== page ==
- Not Exactly Rocket Science
Here’s What Happens Inside You When a Mosquito Bites
The video above shows a brown needle that looks like it’s trying to bury itself among some ice-cubes. It is, in fact, the snout of a mosquito, searching for blood vessels in the flesh of a mouse.
This footage was captured by Valerie Choumet and colleagues from the Pasteur Institute in Paris, who watched through a microscope as malarial mosquitoes bit a flap of skin on an anaesthetised mouse. The resulting videos provide an unprecedented look at exactly what happens when a mosquito bites a host and drinks its blood.
For a start, look how flexible the mouthparts are! The tip can almost bend at right angles, and probes between the mouse’s cells in a truly sinister way. This allows the mosquito to search a large area without having to withdraw its mouthparts and start over.
“I was genuinely amazed to see the footage,” says James Logan from the London School of Hygiene and Tropical Medicine, who studies mosquitoes. “I had read that the mouthparts were mobile within the skin, but actually seeing it in real time was superb. What you assume to be a rigid structure, because it has to get into the skin like a needle, is actually flexible and fully controllable. The wonders of the insect body never cease to amaze me!”
From afar, a mosquito’s snout might look like a single tube, but it’s actually a complicated set of tools, encased in a sheath called the labium. You can’t see the labrum at all in the videos; it buckles when the insect bites, allowing the six mouthparts within to slide into the mouse’s skin.
Four of these—a pair of mandibles and a pair of maxillae—are thin filaments that help to pierce the skin. You can see them flaring out to the side in the video. The maxillae end in toothed blades, which grip flesh as they plunge into the host. The mosquito can then push against these to drive the other mouthparts deeper.
The large central needle in the video is actually two parallel tubes—the hypopharynx, which sends saliva down, and the labrum, which pumps blood back up. When a mosquito finds a host, these mouthparts probe around for a blood vessel. They often take several attempts, and a couple of minutes, to find one. And unexpectedly, around half of the ones that Choumet tested failed to do so. While they could all bite, it seemed that many suck at sucking.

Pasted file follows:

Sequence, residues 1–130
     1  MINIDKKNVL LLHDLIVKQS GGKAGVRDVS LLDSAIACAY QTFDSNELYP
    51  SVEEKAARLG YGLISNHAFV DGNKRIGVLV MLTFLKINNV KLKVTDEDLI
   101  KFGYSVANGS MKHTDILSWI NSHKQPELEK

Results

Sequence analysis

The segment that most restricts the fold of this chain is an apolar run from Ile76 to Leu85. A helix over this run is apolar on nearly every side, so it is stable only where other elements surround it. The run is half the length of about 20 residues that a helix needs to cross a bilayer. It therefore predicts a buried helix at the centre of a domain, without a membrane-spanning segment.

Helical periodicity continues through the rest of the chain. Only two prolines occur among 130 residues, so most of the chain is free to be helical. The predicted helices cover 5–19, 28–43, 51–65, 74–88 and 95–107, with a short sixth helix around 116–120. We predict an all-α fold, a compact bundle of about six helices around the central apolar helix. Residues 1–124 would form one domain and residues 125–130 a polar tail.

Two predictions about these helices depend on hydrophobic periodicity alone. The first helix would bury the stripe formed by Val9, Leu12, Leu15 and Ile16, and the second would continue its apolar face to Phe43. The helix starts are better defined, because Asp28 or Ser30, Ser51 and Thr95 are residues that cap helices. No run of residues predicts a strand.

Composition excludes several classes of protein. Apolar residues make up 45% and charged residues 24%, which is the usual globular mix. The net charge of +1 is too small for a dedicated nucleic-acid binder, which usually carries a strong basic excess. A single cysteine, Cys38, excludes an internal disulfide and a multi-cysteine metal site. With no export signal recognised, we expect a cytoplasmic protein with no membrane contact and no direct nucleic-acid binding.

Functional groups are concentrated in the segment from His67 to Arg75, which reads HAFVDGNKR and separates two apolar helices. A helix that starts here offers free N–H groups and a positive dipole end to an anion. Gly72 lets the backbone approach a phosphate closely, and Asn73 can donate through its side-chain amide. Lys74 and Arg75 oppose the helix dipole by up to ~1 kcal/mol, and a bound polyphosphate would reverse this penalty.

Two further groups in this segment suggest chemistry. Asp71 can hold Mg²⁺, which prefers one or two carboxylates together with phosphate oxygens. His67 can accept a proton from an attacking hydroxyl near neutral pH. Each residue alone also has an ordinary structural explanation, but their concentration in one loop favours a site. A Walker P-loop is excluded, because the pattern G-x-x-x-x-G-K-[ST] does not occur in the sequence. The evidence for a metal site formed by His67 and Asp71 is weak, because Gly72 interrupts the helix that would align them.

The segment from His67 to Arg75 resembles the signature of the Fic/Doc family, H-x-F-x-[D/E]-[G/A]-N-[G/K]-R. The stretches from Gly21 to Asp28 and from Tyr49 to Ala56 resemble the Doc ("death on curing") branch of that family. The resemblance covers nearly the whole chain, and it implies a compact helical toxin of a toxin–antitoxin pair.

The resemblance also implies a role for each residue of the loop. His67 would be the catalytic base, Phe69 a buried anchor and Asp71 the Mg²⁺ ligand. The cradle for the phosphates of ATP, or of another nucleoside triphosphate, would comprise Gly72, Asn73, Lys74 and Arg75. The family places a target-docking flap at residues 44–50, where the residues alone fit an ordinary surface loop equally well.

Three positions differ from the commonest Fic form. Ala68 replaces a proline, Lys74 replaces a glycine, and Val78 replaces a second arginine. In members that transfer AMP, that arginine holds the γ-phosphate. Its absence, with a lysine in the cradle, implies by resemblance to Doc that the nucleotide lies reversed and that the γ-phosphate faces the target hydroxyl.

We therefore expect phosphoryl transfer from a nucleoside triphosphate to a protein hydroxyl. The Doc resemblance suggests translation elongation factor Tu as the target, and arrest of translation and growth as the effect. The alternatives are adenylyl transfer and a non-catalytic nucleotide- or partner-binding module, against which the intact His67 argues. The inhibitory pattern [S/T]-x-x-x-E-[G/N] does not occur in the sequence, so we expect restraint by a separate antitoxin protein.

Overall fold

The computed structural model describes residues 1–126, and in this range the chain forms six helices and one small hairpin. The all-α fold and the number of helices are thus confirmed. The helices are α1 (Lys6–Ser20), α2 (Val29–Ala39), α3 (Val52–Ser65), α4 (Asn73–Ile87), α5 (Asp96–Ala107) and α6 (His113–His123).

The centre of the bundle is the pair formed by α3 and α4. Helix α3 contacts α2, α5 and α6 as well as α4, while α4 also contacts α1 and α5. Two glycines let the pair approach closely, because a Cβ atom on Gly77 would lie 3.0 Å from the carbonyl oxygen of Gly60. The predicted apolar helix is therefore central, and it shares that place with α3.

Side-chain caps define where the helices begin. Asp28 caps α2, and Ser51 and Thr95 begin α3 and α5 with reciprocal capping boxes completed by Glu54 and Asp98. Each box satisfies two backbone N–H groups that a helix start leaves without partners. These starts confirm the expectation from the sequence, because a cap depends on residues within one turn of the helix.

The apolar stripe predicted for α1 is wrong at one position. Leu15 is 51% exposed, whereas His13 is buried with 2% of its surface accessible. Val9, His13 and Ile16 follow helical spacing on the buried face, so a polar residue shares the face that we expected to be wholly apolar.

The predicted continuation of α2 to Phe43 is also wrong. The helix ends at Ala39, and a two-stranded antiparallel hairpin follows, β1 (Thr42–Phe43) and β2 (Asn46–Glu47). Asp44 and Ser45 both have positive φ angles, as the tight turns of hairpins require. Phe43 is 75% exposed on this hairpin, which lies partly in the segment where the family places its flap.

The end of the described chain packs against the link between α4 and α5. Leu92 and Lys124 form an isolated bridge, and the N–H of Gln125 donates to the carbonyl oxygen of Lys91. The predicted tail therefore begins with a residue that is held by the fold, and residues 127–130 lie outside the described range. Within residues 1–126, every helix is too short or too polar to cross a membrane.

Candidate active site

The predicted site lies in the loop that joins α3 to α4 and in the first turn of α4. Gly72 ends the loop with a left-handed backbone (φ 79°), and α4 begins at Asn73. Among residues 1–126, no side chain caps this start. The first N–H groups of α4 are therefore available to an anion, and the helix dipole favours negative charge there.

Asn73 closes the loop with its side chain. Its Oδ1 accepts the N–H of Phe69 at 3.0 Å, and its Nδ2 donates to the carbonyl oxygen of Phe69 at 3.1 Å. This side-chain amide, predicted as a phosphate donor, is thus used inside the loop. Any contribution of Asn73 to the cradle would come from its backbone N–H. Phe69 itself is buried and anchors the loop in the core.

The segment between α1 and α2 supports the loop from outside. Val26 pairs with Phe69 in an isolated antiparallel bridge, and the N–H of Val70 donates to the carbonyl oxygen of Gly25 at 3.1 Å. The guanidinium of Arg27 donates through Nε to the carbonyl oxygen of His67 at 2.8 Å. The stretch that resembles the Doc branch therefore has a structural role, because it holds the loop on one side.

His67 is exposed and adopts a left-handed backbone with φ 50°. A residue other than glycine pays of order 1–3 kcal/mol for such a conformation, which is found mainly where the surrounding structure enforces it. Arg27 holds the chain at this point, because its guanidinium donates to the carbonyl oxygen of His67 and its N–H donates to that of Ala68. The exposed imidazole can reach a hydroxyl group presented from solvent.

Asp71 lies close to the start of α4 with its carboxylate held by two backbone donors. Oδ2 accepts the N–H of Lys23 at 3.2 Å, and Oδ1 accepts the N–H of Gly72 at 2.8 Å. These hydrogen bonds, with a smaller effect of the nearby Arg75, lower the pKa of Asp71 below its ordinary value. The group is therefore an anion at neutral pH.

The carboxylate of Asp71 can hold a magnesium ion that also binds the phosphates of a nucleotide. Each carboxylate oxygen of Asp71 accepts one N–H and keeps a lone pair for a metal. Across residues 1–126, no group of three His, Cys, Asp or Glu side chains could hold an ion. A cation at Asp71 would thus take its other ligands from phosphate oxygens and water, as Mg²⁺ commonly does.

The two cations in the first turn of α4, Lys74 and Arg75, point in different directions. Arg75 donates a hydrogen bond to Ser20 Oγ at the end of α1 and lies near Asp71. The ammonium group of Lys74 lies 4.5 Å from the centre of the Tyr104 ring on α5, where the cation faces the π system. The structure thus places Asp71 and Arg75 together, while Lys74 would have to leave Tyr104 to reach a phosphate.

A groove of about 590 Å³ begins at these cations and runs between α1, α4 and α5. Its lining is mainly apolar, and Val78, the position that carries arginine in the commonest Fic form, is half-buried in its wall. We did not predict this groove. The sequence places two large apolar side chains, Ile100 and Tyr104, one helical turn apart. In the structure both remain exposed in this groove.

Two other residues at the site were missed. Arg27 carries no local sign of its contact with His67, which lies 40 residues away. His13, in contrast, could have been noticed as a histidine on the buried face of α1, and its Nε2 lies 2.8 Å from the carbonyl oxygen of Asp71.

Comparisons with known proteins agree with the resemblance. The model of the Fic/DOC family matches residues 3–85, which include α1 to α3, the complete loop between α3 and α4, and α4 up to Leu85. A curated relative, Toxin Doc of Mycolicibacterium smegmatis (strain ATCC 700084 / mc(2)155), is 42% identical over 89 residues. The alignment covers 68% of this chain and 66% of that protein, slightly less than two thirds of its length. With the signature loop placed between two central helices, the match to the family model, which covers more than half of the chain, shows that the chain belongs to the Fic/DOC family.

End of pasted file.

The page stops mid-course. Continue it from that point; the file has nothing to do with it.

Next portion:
The video below shows what happens when a mosquito finally finds and pierces a blood vessel. On average, they drink for around 4 minutes and at higher magnifications, Choumet could actually see red blood cells rushing up their mouthparts. They suck so hard that the blood vessels start to collapse. Some of them rupture, spilling blood into the surrounding spaces. When that happens, the mosquito sometimes goes in for seconds, drinking directly from the blood pool that it had created.
When the mosquitoes were infected with the Plasmodium parasites that cause malaria, they spent more time probing around for blood vessels. It’s not clear why—the parasites could be controlling the insect’s nervous system or changing the activity of genes in its mouthparts. Either way, the infected mosquitoes give up much less readily in their search for blood, which presumably increases the odds that the parasites will enter a new host.
Many hours after a bite, Choumet’s team found Plasmodium in the rodents’ skin, huddled in areas that were also rife with the mosquito’s saliva. The mosquito starts salivating as soon as it probes the mouse’s skin, releasing substances that prevent blood vessels from constricting, stop blood from clotting, and prevent inflammation. Sometimes, Choumet could see the saliva as small bubbles that hung around the tips of the mouthparts. And even after the mosquito stops feeding, pockets of saliva linger in the lower layers of the skin. Plasmodium parasites seem to stay in the same place—perhaps they work together with the salivary chemicals to suppress the mouse’s immune system.
The team also tested “immunised” mice, which were loaded with antibodies that recognise a mosquito’s saliva. “Some people, especially in Africa and Asia, are bitten several times every day, so we wanted to know if mosquitoes behaved differently when they bit animals that were immunised against their saliva,” says Choumet.
She found that the antibodies reacted with the insect’s saliva during a bite, forming noticeable white clumps at the tips of the probing mouthparts. This clogged up smaller blood vessels, which stopped the mosquitoes from drinking from them. But the insects got around this problem by probing around for longer, and by hitting the largest blood vessels.
Beyond the stunning videos, these discoveries are unlikely to lead to new ways of preventing or treating malaria by themselves. However, they do tell us a lot more about the event that kicks off every single malaria case—a mosquito bite. It’s a resource that other researchers will undoubtedly use. “I have submitted a grant application to investigate aspects of the interactions between mosquitoes, hosts and parasites,” says Logan. “The techniques and discoveries from this paper are very exciting to me, and will be of value to future activities of my own research group.”
Hat-tip to James Logan for alerting me to the story via Twitter, and inspiring the headline!
Reference: Choumet, Attout, Chartier, Khun, Sautereau, Robbe-Vincent, Brey, Huerre & Bain. 2012. Visualizing Non Infectious and Infectious Anopheles gambiae Blood Feedings in Naive and Saliva-Immunized Mice. PLoS ONE http://dx.doi.org/10.1371/journal.pone.0050464